EU Considers Working with Sudan, Eritrea to Stem Migrant Influx
The European Union is considering plans to work with African nations Sudan and Eritrea on stemming the flow of migrants entering southern Europe.
The East African countries are two of the largest sources of migrants entering Europe and considered two of the most oppressive regimes in the region. The EU plans would see Europe team up with the Sudanese and Eritrean government to help stabalise the countries.
EU considers cooperation
In order to solve the European migrant crisis, the EU is considering going right to the source of the problem. Instead of turning refugees away, an alternative path would see Europe offer support to the Sudanese and Eritrean governments through initiatives that could start as early as this summer.
The plans have outraged some rights groups and left-wing EMPs. Barbara Spinelli, an Italian MEP from group GUE/NGL claims the commission should be ashamed of itself.
“These ‘country packages’ would make us complicit with dictatorships and deny basic fundamental rights to people fleeing wars, famine and extreme poverty … The commission should be ashamed of this proposal,” she was quoted by the Guardian.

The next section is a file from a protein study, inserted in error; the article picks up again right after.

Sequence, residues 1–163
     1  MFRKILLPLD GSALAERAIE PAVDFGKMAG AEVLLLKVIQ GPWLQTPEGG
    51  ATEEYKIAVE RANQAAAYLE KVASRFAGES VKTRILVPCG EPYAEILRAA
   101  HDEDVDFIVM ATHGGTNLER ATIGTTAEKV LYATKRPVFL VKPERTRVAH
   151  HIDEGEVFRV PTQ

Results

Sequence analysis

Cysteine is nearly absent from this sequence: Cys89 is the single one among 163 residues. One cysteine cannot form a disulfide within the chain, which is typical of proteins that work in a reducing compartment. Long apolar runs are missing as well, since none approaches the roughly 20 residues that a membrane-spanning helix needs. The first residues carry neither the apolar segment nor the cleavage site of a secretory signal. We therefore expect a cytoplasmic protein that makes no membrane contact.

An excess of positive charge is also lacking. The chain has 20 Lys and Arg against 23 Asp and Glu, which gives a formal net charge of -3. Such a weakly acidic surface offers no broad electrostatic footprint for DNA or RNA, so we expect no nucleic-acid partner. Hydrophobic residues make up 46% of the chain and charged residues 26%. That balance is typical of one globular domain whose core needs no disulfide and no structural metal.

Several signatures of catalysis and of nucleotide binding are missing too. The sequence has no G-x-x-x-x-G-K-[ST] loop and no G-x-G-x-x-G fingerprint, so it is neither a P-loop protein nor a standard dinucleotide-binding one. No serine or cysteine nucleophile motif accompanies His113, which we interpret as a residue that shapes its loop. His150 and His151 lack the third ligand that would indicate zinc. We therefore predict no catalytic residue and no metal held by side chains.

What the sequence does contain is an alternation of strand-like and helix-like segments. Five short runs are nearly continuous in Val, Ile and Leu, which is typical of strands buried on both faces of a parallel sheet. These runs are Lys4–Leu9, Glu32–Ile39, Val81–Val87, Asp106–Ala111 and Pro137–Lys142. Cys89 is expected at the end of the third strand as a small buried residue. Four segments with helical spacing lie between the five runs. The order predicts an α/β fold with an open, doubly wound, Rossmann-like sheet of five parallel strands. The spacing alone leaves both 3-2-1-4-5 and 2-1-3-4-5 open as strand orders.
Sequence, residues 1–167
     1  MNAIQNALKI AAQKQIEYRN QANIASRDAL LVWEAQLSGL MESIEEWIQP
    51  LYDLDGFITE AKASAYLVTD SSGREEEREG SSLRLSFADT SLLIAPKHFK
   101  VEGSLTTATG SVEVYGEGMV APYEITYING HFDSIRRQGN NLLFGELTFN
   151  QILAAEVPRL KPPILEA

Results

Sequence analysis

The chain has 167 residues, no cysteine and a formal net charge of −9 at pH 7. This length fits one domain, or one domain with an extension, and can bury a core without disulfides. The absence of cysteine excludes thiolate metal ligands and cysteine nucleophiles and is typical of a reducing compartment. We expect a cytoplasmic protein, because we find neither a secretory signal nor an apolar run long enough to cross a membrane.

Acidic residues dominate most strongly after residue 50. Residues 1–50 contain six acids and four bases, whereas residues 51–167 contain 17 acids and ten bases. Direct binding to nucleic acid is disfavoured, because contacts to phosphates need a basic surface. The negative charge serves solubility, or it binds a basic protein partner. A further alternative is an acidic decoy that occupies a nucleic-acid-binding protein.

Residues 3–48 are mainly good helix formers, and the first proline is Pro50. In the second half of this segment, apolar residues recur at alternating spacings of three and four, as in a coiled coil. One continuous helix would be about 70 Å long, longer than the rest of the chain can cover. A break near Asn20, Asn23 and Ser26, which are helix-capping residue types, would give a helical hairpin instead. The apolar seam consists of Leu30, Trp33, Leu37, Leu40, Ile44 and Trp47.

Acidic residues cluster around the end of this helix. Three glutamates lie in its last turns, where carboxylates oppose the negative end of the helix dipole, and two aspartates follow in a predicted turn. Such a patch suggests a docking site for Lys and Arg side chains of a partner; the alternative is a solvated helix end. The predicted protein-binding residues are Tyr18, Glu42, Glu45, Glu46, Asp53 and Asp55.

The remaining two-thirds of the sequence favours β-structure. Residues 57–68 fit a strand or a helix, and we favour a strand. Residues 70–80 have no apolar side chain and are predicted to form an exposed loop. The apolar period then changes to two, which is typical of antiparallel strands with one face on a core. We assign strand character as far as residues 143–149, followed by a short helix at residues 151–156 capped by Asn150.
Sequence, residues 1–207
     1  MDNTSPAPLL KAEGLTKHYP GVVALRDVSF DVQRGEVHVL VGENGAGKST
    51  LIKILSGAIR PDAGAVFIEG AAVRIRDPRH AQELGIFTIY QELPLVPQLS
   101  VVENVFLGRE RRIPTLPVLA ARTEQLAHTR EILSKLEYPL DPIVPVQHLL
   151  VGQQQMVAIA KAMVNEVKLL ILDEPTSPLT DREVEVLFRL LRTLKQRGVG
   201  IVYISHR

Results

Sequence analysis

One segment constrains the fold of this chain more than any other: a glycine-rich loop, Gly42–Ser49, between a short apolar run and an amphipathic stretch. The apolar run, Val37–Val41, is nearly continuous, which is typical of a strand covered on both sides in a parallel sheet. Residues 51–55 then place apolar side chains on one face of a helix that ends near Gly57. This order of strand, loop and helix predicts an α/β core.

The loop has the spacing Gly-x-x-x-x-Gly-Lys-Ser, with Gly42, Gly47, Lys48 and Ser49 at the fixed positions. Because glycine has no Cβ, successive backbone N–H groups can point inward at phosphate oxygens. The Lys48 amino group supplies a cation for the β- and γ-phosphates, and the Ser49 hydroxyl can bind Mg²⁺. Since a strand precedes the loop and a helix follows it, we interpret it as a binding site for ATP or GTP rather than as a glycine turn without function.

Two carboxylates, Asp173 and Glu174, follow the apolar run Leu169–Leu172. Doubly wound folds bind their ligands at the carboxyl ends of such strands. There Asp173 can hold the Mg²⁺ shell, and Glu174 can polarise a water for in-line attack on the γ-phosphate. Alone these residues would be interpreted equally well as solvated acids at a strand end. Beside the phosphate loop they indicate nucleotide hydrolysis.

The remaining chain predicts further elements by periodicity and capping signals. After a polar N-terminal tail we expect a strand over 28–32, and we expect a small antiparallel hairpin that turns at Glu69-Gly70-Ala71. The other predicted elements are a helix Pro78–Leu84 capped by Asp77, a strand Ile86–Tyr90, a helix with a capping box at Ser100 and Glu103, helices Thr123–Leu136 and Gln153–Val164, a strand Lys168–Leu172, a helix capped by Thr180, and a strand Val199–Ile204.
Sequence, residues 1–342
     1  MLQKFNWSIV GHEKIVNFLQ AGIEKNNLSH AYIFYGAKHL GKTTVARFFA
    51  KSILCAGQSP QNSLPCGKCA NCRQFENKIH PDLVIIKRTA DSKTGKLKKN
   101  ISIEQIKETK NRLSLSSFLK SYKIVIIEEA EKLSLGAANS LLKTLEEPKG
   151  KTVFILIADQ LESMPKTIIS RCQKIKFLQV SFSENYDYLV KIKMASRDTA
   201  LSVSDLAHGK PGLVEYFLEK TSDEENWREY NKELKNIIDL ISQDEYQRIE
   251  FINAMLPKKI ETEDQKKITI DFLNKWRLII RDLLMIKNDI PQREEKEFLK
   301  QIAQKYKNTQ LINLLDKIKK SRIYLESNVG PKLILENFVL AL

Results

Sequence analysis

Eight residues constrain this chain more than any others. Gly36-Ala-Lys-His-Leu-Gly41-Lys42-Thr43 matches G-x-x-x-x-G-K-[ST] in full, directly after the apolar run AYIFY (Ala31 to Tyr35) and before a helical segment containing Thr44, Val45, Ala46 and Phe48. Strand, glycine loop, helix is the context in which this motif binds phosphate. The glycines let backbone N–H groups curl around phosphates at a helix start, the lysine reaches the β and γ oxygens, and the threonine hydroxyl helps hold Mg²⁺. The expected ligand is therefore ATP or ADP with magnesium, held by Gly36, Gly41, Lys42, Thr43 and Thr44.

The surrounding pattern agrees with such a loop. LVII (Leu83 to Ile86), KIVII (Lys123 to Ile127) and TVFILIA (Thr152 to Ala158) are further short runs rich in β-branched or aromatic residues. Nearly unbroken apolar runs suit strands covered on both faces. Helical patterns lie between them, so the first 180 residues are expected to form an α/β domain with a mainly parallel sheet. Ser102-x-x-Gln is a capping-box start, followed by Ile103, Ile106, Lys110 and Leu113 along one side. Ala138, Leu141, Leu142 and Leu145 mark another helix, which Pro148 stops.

Sudanese president Omar Al-Bashir is still wanted by the International Criminal Court on charges of war crimes and crimes against humanity. Meanwhile, Eritrea is subject to sanctions and an arms embargo by both the EU and UN. These are two regimes the international community has distanced itself from in every way possible.
The proposal to provide aid to these countries now – which would essentially mean sending funds directly to their governments – is controversial to say the least. The proposed strategy also suggests sending more aid technical assistance to 20 other countries, including Niger, Libya and Ethiopia.
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